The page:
Hong Kong protests: alarmed by violence, especially at PolyU and Chinese University, Beijing drafted national security law for city
- Few had read between the lines when Beijing signalled last October it had run out of patience over the national security law
- A source has described Beijing’s frustration with the inaction of Hong Kong’s pro-establishment camp regarding Article 23
As Hong Kong marks a year since anti-government movement began, this article is third in a series analysing how key players have fared.
They did not know that the city was high on the agenda of the party’s closed-door fourth plenum, or that decisions taken there would have far-reaching implications.
Few read between the lines when the talks concluded with a communique calling for action to “establish a sound legal system and enforcement mechanism for safeguarding national security in the special administrative regions”.
The plenum was held four months after political unrest erupted in Hong Kong, sparked by a widely detested extradition bill, which would have allowed fugitives to be sent to mainland China and other jurisdictions with which the city had no exchange arrangement.
They attacked police officers on the front lines, hurling petrol bombs and bricks. The force responded with tear gas and other crowd dispersal weapons, only to be accused of brutality.
It was only two weeks ago that Vice-Premier Han Zheng, China’s point man on Hong Kong affairs, revealed that last October’s high-level party meeting proved to be the game-changer.
Meeting Hong Kong delegates to the Chinese People’s Political Consultative Conference (CPPCC) in Beijing on May 23, Han disclosed that it was at the fourth plenum that the central government decided to impose a national security law on Hong Kong.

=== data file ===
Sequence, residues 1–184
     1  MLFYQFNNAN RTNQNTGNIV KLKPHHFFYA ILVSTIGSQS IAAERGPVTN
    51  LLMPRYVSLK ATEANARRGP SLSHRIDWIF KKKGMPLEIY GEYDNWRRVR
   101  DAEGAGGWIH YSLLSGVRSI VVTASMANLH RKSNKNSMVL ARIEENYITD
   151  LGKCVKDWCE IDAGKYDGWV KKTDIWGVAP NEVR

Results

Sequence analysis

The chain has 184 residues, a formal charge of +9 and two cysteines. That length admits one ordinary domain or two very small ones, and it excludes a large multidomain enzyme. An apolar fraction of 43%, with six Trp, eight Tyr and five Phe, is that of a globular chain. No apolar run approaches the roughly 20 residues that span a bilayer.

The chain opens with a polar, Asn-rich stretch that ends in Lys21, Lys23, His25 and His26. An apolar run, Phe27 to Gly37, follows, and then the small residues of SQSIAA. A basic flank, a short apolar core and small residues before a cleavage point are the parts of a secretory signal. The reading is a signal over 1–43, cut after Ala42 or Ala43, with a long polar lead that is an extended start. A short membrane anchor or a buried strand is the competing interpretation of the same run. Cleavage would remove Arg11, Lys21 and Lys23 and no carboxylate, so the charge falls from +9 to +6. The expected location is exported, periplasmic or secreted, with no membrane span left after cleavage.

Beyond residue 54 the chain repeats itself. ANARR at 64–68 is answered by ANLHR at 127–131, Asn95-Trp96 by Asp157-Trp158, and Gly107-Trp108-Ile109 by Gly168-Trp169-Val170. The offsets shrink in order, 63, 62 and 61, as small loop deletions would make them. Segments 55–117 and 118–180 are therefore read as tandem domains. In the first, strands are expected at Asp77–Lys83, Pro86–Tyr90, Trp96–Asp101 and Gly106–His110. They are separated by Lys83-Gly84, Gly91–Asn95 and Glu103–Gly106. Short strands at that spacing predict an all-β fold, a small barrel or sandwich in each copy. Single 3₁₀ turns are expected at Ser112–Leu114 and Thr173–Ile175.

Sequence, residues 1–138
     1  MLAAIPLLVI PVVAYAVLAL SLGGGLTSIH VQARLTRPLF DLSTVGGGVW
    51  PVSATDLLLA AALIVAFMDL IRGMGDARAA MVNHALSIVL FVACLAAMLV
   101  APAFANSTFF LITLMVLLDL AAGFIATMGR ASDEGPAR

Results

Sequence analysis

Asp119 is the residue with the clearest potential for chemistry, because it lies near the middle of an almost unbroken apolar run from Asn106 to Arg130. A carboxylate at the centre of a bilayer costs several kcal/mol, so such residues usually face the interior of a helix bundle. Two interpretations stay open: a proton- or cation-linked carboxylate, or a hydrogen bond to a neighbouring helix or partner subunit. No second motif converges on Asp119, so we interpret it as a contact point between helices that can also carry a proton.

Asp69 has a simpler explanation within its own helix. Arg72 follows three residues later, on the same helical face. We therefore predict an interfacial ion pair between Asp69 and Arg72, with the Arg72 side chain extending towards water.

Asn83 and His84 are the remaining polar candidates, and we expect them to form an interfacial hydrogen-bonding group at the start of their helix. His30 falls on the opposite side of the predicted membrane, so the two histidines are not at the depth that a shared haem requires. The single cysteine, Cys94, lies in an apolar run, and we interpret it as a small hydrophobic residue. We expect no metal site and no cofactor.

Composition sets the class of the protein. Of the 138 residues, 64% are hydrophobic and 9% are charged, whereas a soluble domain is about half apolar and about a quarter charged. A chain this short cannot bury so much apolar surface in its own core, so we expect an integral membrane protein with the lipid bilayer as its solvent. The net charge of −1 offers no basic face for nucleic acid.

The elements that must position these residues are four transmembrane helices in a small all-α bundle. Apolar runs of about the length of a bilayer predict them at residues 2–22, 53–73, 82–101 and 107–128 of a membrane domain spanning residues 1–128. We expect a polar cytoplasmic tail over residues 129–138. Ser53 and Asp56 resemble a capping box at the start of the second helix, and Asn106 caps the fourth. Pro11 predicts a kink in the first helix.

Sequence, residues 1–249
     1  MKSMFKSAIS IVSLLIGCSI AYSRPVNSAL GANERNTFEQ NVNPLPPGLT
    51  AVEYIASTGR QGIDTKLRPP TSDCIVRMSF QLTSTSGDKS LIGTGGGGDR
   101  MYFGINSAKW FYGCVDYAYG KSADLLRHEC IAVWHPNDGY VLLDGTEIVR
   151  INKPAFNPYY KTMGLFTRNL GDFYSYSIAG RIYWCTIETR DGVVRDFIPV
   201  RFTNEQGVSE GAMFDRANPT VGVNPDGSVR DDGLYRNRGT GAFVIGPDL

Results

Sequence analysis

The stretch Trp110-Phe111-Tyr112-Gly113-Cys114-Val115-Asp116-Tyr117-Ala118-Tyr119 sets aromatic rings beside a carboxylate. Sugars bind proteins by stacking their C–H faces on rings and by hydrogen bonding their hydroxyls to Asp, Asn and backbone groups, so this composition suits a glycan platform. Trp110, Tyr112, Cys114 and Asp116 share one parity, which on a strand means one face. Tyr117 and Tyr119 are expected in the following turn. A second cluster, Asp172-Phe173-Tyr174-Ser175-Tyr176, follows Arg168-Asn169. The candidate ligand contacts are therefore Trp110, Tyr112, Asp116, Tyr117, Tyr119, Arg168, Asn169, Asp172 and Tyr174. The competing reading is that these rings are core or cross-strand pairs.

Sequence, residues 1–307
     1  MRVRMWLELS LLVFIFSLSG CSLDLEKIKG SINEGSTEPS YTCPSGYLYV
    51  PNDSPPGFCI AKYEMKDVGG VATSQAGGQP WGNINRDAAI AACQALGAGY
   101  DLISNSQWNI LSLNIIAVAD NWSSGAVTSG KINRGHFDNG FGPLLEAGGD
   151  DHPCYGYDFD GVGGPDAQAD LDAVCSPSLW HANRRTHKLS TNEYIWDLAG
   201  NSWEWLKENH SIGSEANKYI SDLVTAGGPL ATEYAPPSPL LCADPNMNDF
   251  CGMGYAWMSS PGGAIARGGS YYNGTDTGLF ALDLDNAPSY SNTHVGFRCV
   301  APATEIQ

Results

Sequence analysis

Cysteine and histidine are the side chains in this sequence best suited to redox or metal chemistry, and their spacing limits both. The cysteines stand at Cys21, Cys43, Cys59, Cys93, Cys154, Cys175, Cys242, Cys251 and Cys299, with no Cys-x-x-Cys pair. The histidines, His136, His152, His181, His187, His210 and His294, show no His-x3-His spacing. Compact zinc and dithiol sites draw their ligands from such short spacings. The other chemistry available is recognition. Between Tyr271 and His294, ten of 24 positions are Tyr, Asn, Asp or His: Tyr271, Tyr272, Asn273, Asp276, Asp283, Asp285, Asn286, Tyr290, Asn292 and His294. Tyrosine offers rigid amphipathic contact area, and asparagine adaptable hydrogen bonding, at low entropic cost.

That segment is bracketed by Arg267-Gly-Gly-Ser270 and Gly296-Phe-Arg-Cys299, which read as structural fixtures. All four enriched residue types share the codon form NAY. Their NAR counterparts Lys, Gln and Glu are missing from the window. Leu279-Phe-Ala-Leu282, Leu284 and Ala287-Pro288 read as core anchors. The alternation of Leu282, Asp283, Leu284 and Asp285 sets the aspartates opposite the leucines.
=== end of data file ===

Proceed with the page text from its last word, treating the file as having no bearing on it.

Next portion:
Hong Kong delegate David Lie Tai-chong, who was present at the 1½-hour meeting, said Han explained that Beijing felt action was necessary because of growing calls in the city for independence, self-determination and what it viewed as collusion between some individuals and foreign countries.
“The vice-premier said the legislation aimed to plug a legal loophole and would target a small group who endangered national security,” Lie said.
Hong Kong’s national security law is like ‘anti-virus software’, top Beijing official says
The resolution endorsed by China’s top legislature on May 28 referred to “the National People’s Congress’ decision on establishing a sound legal system and enforcement mechanism for safeguarding national security in the Hong Kong special administrative region”. That line mirrored the wording of last October’s plenum communique.
In 2003, the city government introduced a national security bill but it was abandoned after an estimated half-a-million people took to the streets to oppose the legislation, saying it would curb the rights and freedoms Hongkongers enjoyed under the “one country, two systems” principle.
Since the end of last year, there was talk within Hong Kong’s pro-establishment camp about options to introduce a national security law.
Beijing remains ‘very firm’ on national security law for Hong Kong, says city’s leader Carrie Lam
Mainland China’s sweeping national security law, endorsed by the National People’s Congress Standing Committee (NPCSC) in 2015, stipulates that “maintaining the sovereignty, unity, and territorial integrity of the state shall be the common obligation of all Chinese people including Hong Kong and Macau compatriots and Taiwan compatriots”.
It also says the state will prevent, stop and punish any conduct that betrays the country, splits the country, incites rebellion, or subverts or incites the subversion of “the people’s democratic dictatorship”.
When China’s top legislative body passed the law on July 1, 2015, then Hong Kong chief executive Leung Chun-ying assured residents that it would not apply to the city.
Beijing runs out of patience
When it came time to act, the central government did not impose its existing law on Hong Kong, although last year’s protests convinced Beijing it had to take matters into its own hands.
A mainland Chinese source familiar with Hong Kong affairs said Beijing concluded that given the political climate in the city, it would be impossible for the local legislature to pass a national security law.
The source asked: “Is there any guarantee that the national security legislation can be passed by the Legislative Council in the next few years?”